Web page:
The practicing analyst may ask researches to develop experiments and hard core research to create believable scientific models to discuss some questions that I consider extremely interesting and useful. Here are some that I use as samples to illustrate the point. What is the physiological effect of the spoken word upon the sense organs, the internal organs, the organism physiology? Samuels (1977) has demonstrated the pathological physiology involved in "voodoo" death. Among other emotional factors capable of eliciting and emotional crisis, the loss of status or self-esteem as a member of the community may cause sympathetic overactivity which, in turn, produces cardiac damage-contraction band necrosis of the heart muscle, responsible for the person's death. This physiological storm relates "to events impossible for the victims to ignore and to which they response is overwhelming excitation, resignation or both" (p. 294). This crisis situation may be caused by life disrupting words conveying an overwhelming reality. Obviously this is an extreme case of physical pathology with demonstrable anatomical lesions. The curative function of the word may offer a counterpart. In the course of human history there has always been a manner of attempting to heal by using words, be there in magical, religious or human contexts. Lain Entralgo (1958) reports in his book La curación por la palabra en la antigüedad clásica the manners in which the word was used as an adjuvant in the treatment of medical illness. He mentions Gorgias, the sophist, who compared the action of conversational words to that of medicines (p. 132). It is a common analytic experience that frequently the analysand's minor ailments and others not so minor, may improve or disappear as the result of the analytic working through. This is not always the consequence of direct interpretation of conflict but may come as an unintended effect of the analytic changes undergone by the patient.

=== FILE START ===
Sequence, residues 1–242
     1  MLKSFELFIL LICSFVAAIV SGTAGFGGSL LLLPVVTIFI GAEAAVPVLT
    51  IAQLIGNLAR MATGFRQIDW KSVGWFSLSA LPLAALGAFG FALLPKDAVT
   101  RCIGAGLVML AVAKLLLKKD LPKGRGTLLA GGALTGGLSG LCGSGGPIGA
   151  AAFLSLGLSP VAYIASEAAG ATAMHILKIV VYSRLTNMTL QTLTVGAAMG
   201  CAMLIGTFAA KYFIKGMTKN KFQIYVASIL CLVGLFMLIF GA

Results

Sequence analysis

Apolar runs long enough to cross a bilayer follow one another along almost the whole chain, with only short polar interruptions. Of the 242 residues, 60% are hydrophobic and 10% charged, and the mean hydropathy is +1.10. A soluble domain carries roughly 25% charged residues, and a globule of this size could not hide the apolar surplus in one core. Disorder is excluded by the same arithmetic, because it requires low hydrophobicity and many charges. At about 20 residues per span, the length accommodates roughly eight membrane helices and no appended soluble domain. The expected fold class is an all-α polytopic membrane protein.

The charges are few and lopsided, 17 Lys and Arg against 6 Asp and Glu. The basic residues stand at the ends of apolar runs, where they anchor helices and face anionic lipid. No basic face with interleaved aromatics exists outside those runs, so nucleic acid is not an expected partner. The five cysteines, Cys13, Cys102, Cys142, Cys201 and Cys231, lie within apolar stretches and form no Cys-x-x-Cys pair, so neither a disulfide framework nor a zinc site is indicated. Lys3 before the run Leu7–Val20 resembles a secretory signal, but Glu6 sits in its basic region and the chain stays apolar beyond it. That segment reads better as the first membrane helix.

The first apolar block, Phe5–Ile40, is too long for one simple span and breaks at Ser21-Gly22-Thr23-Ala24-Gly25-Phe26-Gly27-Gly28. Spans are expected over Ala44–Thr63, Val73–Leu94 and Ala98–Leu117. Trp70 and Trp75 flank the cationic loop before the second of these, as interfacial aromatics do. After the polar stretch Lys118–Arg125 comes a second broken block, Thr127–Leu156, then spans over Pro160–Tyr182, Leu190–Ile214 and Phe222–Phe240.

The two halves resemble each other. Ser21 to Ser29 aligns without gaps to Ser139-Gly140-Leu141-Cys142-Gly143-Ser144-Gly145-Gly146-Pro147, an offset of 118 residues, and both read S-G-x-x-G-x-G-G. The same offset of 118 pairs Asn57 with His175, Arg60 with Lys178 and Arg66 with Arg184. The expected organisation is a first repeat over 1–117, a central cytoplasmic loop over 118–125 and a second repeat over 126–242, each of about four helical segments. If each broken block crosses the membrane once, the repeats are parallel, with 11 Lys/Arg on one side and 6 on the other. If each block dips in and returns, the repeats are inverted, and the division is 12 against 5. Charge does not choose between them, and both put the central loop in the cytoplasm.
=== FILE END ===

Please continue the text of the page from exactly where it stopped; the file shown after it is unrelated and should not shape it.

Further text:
Developmental scientists in the last twenty years have started a systematic study of the communicative aspect of relatedness from the beginning of life. Those studies have already offered much but there is still a great need to investigate in detail the semantic, symbolic, cognitive function of words and their affective interpersonal communicative power in organizing the development of psychic structure. I have described (Rizzuto, 1988) the pathological development of the sense of self and of the use of language in patients with eating disorders, whose mothers suffered from an inability to relate to them in meaningful words.

Much remains to be researched by analysts and psycholinguists about the psychic function of words, syntax, prosody and other constitutive aspects of the spoken word. What is the psychic function of grammatical functions? Do verbs "do" something psychically for us? What about other grammatical functions? I have presented in a psychoanalytic paper an aspect of the psychic function of personal pronouns (Rizzuto, 1993).

Finally, we practicing analyst may join those colleagues (Bucci, 1997; Mehler, Canestry, and Argentieri (1993), and many others whose research has already offered new ways of understanding the function of words, intra-psychically and intra-analytically during the verbal transformative process of analytic work.


1) Object representation does not refer in this context to a human object but a thing representation.

2) "Balwin suggested that learning and behavioral flexibility can play a role in amplifying and biasing natural selection because these abilities enable individuals to modify the context of natural selection that affects their future kin" (Deacon, 1997, p. 322).


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Ana-María Rizzuto, M. D.